Thursday, 10 October 2013

High Interest Savings Accounts are starting to pay very low rates

Interest rates are probably the one financial metric that almost everyone has a handle on.  People generally know the official cash rate and also know what they are paying on their mortgage as well as the rate they are getting on their savings.

Conventional wisdom is that decreasing interest rates are good - but this is only for those who have loans - if you have cash savings (especially in bank accounts) - then you are disadvantaged when the official cash rate comes down.

Australia is now starting to experience what many in western economies have been experiencing for a while - interest rates so low that the amount you earn (even on high interest savings accounts) that you are barely keeping up with inflation and you are certainly not earning a decent return on your invested capital.

Check your high interest accounts - you may be surprised how low the rate is

I have a high interest account which I use primarily for expenditure smoothing and I realised recently that I was only receiving 2.5% p.a. on this account.  I did a quick check of other high interest savings accounts and I realised that they had all come down as well.

The best rates I could find were introductory rates which were around ~4.5%.  I have written before about how to roll the best introductory rates available which should help you keep the rate up if you really want to stick with savings accounts.  However these accounts were limited as well - some of them had maximum cash levels for the high rate (e.g. you would only get this high amount up to $10,000) while others would not let you withdraw at all or required a minimum deposit each month without any withdrawals.

The first thing that you need to do is to check your current high interest savings account - find out whether you are getting a rate of interest that you are happy with.  I would suggest that anything less than the inflation rate (~2.5%) is not
worth it - you are not getting anything for your investments.

If you want cash savings...then maximise your interest by switching accounts

If, for some reason, you do not want to buy other asset classes (e.g. property or shares) because you do not understand them or because you need the cash in the reasonable short term for some other purpose then you need to find a way to maximise the interest rate you receive.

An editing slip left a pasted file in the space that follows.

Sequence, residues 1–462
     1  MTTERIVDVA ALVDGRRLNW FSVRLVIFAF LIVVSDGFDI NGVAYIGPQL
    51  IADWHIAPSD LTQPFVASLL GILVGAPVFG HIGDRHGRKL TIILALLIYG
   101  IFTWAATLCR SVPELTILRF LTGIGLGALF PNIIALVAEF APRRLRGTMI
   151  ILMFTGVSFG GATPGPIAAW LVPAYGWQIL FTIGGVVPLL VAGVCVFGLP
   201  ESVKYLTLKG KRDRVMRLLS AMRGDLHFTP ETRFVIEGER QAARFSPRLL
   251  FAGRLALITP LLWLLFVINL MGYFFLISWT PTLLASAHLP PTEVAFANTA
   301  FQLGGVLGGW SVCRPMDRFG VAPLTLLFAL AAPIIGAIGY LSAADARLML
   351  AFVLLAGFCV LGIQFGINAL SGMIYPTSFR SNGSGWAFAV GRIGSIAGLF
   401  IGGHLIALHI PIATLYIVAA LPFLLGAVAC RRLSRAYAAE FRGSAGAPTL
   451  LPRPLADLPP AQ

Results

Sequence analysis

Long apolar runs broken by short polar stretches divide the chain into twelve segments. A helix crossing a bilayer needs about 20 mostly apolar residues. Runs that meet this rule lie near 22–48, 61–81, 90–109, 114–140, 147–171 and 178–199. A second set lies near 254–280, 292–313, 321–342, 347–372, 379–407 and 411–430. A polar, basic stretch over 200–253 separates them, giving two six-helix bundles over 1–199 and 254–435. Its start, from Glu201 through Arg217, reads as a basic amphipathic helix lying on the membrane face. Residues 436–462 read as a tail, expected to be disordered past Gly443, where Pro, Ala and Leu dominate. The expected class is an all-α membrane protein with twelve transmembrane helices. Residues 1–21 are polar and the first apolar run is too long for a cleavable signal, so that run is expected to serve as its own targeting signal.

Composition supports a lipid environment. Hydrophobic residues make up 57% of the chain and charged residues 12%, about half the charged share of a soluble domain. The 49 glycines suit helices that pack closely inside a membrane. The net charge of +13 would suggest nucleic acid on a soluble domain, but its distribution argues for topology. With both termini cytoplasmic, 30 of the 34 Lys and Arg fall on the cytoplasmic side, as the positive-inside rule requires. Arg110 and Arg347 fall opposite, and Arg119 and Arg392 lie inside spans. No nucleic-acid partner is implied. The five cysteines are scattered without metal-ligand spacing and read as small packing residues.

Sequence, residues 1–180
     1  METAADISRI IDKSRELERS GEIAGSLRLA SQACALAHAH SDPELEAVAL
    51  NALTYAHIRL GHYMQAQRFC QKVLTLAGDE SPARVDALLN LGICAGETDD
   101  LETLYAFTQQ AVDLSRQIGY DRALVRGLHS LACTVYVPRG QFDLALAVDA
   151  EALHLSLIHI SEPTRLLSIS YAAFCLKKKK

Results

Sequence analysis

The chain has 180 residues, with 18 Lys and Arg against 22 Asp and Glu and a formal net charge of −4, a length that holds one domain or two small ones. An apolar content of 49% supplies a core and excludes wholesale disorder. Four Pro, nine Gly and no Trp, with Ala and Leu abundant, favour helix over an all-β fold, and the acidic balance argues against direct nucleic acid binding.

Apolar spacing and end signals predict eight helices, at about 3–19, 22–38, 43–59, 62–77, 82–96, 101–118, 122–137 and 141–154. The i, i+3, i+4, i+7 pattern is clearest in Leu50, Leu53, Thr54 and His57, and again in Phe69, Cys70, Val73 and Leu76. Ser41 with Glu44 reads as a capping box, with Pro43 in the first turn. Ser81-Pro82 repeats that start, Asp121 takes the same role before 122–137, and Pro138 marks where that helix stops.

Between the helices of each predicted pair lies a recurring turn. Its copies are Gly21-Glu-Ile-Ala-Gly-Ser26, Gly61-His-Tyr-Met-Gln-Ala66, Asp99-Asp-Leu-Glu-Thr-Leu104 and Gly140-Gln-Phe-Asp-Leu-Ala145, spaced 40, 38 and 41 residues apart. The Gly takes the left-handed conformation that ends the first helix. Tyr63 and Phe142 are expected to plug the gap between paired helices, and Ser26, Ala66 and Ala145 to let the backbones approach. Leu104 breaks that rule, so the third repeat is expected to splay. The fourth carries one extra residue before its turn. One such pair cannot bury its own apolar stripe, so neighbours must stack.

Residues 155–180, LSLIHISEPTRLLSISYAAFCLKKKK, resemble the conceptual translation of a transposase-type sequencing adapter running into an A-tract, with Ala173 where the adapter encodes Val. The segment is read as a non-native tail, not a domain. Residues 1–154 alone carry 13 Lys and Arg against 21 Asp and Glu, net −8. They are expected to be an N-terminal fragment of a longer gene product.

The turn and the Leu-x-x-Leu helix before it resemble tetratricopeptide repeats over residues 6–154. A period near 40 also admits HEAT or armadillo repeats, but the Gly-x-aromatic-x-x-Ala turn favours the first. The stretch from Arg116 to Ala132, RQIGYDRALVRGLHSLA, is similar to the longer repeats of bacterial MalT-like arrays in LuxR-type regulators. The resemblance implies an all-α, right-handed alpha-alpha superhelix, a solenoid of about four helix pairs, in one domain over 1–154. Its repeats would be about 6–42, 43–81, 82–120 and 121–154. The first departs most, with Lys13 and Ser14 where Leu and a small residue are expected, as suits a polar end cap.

The way to do this is to go for short introductory interest rates and then switch accounts as I have posted about before.  It takes a bit more effort and you really need to keep on top of when you can and need to switch as well as all the offers that are currently in the market - there are comparison sites which can make your life easier.

If you don't need cash savings then consider other investment classes

When interest rates are particularly low, there is an incentive to borrow to invest.  Your borrowing costs are very low so it is easier to leverage up more.  I am not suggesting that you should leverage to the hilt - in fact this is silly because you should always assume that interest rates are going to increase however the low interest leverage can really start to accelerate your return.s

In an upcoming post I will explore the idea of using leverage in your investment portfolio and how to keep it sensible and your leverage under control.

You May Also Be Interested In
How to get the most out of high introductory bank savings rates
Why banks don't pass on the full rate cut to home owners
Positive Dilemma: Is it an issue if your investment property becomes positively geared?
Price comparison websites: Friend or foe?


  1. You make a great point there, it really depends on what you are using the $$ for.. Personally I'm saving for an IP (Investment Property) and it's a bit counter intuative to have this in other growth assets that have greater volatility (i.e. shares or even fixed interest)..

    For anyone who is underutilising growth asset classes though, unfortunately they will probably see their $$ eroded by inflation.. Having said that it can depend on the stage of life that an individual is in and interest rates are unlikely to stay this low forever.. Good post 90M

  2. Is there any reason that you use an online saver rather than leaving your money in your offset account? You would earn a mich higher, tax free return on money left in an offset account.

    1. Hi William - great pick up. I know exactly where you're coming from and I completely agree with your rationale. I actually have an high interest savings account for neatness.

      The cash that goes into my high interest savings account is primarily used for near term spending and smoothing. The balance on this account rarely gets above ~$5,000 but there are a lot of transactions which go though this account (i.e. withdrawals and deposits). I use that account to keep my investment account (the offset one) relatively clean.

      Given how I use it the difference financially is negligible.